Editorial credit: sajeev_here / Shutterstock.com

The 2022 MotoGP season is well underway, with teams and riders competing in four classes. The bikes race at lightning-fast speeds around the track and lie low through the bends. You can see the bikes were built for speed but might wonder what engines these bikes use to perform this way.

Bikes participating in the MotoGP are fitted with prototype engines with a maximum capacity of 1000cc and four cylinders, providing approximately 240 horsepower. The cylinder configuration differs from team to team and is determined by the manufacturer or constructor.

The MotoGP is contested in four classes, Moto E, Moto 3, Moto 2, and MotoGP. Each of these classes has specific rules and technical specifications applicable to that class, which includes the engine size and performance. Each team is also linked to a specific manufacturer known as a constructor. Constructors design and manufacture the bikes and engines used in the MotoGP.

What Engines Are Used In MotoGP?

Each constructor has a development team that develops the bikes and engines that will be used by the team(s) linked to that constructor in the next MotoGP season. The engines are prototypes that are not available on the market. From time to time, manufacturers could use a good MotoGP engine in production bikes at a later stage.

Moto E is the newest class in the MotoGP, where electric motors power all the bikes instead of engines. The motor currently used in Moto E is a Permanent Magnet motor that delivers 120kW of power from the battery to drive the motorbike. The same manufacturer supplies all the electric motors used in Moto E.

In the Moto 3 class, all bikes are powered by a 4-stroke engine with a maximum capacity of 250cc. The engine generates approximately 60 horsepower with a maximum speed of just over 90 miles per hour. The maximum diameter of the single cylinder in a Moto 3 engine is 3.2 inches, with engine revolutions limited to 14,000 revolutions per minute.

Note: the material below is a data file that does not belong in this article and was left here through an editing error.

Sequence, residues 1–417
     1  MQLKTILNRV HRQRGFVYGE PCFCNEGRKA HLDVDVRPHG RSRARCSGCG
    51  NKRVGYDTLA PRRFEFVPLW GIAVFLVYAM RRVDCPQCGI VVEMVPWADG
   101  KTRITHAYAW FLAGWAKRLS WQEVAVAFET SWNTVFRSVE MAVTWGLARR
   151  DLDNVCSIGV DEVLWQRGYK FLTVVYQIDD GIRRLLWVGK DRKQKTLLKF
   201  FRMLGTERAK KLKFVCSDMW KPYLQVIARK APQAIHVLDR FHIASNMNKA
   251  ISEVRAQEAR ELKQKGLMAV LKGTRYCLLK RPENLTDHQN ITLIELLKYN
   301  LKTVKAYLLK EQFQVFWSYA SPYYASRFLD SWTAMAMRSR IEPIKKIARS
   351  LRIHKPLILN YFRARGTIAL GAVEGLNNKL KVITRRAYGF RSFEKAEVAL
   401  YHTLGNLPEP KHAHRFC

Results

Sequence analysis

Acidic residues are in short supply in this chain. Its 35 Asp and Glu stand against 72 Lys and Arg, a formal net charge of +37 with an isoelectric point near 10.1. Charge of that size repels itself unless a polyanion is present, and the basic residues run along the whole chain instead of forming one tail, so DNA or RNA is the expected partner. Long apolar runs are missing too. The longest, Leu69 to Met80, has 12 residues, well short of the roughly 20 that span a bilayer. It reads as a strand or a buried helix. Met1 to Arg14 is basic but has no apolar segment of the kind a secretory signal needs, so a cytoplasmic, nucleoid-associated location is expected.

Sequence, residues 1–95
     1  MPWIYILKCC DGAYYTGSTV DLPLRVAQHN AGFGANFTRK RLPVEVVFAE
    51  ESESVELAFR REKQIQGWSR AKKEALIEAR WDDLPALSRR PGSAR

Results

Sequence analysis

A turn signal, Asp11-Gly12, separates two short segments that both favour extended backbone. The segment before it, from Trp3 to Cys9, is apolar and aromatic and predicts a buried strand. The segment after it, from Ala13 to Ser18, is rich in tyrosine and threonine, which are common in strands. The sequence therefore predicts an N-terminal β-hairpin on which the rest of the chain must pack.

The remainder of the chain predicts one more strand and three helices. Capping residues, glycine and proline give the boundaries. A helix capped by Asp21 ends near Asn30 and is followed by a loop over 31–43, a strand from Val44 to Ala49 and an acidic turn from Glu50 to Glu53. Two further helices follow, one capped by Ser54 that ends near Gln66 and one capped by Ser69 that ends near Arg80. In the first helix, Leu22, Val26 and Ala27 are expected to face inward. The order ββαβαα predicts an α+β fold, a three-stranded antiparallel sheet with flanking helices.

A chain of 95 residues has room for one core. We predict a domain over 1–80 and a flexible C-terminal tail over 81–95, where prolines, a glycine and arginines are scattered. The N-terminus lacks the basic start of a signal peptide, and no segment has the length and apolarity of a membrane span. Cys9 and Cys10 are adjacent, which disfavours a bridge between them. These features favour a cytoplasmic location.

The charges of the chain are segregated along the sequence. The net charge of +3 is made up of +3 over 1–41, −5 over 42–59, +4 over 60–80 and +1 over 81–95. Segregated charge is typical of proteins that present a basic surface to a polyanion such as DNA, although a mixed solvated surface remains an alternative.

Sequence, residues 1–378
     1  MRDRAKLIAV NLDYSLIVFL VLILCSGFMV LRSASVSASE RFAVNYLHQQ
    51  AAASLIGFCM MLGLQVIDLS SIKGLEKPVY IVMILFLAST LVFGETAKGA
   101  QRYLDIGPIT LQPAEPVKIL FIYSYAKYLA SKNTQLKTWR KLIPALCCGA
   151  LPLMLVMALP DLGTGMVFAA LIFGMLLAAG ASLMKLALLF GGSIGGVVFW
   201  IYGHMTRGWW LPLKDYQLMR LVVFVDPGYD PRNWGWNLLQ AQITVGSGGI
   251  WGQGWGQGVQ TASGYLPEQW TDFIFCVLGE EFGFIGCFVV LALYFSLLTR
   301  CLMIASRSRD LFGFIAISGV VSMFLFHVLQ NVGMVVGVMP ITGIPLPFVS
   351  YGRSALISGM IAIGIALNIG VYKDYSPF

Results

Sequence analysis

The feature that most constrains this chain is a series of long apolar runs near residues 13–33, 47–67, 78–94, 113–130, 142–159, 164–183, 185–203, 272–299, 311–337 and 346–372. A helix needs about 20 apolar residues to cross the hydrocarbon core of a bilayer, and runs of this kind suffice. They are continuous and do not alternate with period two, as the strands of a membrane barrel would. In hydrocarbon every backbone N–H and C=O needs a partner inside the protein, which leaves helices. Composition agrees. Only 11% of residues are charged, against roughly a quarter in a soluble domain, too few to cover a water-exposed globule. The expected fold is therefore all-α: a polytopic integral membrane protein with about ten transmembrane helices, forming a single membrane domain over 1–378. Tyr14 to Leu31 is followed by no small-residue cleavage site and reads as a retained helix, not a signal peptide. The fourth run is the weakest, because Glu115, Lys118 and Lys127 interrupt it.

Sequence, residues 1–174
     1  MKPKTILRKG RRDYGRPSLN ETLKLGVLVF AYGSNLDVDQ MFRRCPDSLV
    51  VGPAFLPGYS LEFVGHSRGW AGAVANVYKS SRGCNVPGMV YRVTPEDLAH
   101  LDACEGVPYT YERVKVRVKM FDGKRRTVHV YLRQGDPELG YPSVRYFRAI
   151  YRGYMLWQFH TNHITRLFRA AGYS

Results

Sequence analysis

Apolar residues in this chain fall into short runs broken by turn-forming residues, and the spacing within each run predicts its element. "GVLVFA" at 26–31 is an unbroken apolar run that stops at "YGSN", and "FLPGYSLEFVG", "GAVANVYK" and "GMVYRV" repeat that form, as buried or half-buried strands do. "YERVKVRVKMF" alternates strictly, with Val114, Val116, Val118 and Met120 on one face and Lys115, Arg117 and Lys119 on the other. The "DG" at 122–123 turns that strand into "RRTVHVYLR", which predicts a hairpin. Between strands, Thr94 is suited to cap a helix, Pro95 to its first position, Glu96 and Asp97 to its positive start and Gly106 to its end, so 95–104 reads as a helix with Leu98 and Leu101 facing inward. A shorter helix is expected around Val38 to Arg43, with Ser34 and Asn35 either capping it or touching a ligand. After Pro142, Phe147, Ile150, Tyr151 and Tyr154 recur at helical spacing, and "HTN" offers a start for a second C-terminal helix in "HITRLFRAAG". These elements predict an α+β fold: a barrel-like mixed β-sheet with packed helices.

Moto 2 bikes are fitted with a 4-stroke 765cc engine with three cylinders. All Moto 2 engines are manufactured by Triumph and deliver approximately 140 horsepower with a maximum speed of around 180 miles per hour. The fact that identical engines are used in Moto 2 makes this class much more competitive.

MotoGP bikes also use 4-stroke engines with a maximum displacement of 1000cc. The maximum cylinder diameter for a MotoGP engine is 3.2 inches. MotoGP engines provide approximately 240 horsepower with a maximum speed of just over 210 miles per hour. Six constructors provide engines to all the teams participating in the MotoGP.

Who Manufactures The Engines Used In MotoGP?

In the top class of MotoGP, six constructors develop and provide engines for all the teams participating in MotoGP. Each constructor owns a team called their factory team, and most then provide engines and bikes to one or more satellite teams, teams that are managed independently from the factory team but use their bikes and engines.

The following constructors participate in MotoGP 2022:

  • Aprilia – Their Factory Team is Aprilia Racing. Aprilia does not have any satellite teams,
  • Suzuki – Their Factory Team is Team Suzuki Ecstar. Suzuki also does not have a satellite team.
  • Honda – Honda’s Factory team is Repsol Honda. Honda also supplies bikes and engines to the LCR Honda Team.